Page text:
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Ways to improve 6th form

Discussion in 'Secondary' started by cb700, May 14, 2010.

  1. cb700

    cb700 New commenter

    I am wanting to get ideas of what people do at other sixth forms. My school has a small sixth form and we are wanting to improve on the orgainsation and wanting to increase our intake (alot of students go to local college).
    What does your school do on the following issues:
    Monitoring sixth form behaviour
    Attendence currently students only come in for lessons that they do. I think it would be a good idea to stay all day.
    What methods does your school have for checking attendance? We currently have sims for taking registers.
    Clothing does your school have a clothing policy?
    Do you run a PSHCE programme and how often do students meet with tutors?
    Do you have a afternoon where students do leisure activites?
    What facilites does your students have for free lessons? Ours currently has a social area and a computer room.
    Try to find out what other schools do
    Thanks xxxxx
     
  2. ferrisbueller

    ferrisbueller New commenter

    Hi,
    quite alot here to answer. Have you considered visiting a Sixth Form in another area (where you won't be competing) that has gone through a period of successful growth?
    Just an idea?
     
  3. If you hope to compete with a local college, why are you even considering clothing issues and making students stay when they have no classes? You don't stand a chance if increasing your intake if you impose demeaning and humiliating rules.
     
  4. peterdevon

    peterdevon New commenter

    Are rules about clothing and attendance humiliating & demeaning? Students might appreciate a more structured environment.

    If you want to 'compete' with a college, it's no good trying to be like the college: you need a distinctive offering.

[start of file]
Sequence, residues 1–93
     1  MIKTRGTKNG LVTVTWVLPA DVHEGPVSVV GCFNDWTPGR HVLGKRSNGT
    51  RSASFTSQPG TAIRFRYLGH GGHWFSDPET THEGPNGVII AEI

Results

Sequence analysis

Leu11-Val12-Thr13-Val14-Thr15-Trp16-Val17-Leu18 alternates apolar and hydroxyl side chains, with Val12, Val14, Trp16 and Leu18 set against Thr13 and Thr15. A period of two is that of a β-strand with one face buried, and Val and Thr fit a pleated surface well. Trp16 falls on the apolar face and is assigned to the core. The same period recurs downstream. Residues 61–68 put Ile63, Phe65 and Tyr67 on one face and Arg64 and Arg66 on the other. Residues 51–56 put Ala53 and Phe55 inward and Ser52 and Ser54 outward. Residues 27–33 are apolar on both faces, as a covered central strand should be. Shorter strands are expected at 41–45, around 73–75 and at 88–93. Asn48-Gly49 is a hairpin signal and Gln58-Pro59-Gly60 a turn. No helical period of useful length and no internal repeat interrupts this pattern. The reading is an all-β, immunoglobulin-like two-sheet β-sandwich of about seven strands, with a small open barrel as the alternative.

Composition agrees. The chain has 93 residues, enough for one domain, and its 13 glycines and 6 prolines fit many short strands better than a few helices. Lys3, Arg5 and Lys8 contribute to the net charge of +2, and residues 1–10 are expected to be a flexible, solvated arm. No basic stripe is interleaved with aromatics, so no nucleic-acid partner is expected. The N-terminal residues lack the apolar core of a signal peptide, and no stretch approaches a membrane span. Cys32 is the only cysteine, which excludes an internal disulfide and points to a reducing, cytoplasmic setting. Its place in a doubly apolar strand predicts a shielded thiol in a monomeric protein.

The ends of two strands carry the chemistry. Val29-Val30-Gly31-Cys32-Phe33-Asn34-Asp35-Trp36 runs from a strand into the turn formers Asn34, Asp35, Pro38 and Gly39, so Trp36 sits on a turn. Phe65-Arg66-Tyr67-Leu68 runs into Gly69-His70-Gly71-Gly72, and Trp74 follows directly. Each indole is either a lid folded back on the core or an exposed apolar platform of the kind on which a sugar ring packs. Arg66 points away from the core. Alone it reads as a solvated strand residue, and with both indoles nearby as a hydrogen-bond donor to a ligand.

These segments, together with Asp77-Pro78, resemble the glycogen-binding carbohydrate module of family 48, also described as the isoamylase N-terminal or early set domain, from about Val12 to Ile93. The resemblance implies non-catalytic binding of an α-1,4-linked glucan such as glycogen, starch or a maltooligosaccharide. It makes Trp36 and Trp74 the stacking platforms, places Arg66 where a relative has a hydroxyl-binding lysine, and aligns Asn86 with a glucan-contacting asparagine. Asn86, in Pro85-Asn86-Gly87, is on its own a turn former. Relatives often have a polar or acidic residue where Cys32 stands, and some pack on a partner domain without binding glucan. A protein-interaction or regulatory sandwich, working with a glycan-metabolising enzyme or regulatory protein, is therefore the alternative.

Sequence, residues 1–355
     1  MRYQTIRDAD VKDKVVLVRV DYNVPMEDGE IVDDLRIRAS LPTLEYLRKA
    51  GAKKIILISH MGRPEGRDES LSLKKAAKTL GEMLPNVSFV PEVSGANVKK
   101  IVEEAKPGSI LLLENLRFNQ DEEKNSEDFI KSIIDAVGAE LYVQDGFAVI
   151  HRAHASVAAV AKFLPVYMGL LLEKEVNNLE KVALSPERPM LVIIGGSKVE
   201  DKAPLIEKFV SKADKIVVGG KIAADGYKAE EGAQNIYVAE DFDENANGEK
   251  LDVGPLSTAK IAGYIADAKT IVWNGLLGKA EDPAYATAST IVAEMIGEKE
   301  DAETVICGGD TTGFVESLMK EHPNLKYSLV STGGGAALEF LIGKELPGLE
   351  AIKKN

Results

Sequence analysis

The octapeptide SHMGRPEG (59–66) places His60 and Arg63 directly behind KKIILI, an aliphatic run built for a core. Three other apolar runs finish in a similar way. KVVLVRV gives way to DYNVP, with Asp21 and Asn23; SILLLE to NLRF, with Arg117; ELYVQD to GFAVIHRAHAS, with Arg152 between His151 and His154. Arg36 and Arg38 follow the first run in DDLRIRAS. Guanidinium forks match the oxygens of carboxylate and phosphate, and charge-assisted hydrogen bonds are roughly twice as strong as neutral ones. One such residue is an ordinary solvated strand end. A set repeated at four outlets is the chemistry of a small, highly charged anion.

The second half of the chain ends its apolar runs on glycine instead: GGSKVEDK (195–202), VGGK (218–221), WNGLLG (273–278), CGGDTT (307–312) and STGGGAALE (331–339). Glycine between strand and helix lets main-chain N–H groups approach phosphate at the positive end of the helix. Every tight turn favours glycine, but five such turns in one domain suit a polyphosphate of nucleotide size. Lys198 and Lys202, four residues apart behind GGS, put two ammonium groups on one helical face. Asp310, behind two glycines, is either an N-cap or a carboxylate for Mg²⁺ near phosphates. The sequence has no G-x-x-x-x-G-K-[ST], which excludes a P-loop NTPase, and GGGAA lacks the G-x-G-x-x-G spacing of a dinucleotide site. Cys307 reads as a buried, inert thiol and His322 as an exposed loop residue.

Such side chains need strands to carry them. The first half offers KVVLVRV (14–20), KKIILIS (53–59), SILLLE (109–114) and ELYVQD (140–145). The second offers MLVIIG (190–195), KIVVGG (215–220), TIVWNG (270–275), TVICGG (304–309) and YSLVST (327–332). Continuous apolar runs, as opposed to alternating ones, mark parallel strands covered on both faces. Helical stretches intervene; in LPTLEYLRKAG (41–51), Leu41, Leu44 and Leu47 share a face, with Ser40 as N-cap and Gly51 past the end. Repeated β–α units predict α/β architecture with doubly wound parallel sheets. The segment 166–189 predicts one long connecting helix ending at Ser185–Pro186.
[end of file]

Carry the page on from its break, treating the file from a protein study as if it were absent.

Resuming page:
5. I can answer your questions based on my own 6th form experiences which wasn't that long ago (4 years)!
    1) My 6th form was part of a small school (about 600 pupils) so behaviour was mostly monitored through word of mouth reported back to tutors and cause for concern sheets popped into tutors' pigeon holes.
    2) We all had to be in all morning but could leave at lunchtime if we had no afternoon lessons.
    3) No electronic system, just morning and afternoon registration.
    4) We were expected to model our dress on that of the staff i.e. no jeans or trainers.
    5) We met with tutors twice a day for registration and had a longer, more formal tutor time once a week. We did have a PSHE programme of one hour a week on a rotation between 3 different things (6 across the two years) which to be honest seemed pretty useless to us! It included things like "survival cookery", critical thinking and current affairs.
    6) We had "enrichment" one afternoon a week. Choice included first aid, helping out in younger year groups etc. We also had compulsory sport one afternoon per week.
    7) During morning free lessons you had to work in the library (which had computers also) but in the afternoon you were free to go home or stay in the 6th form common room.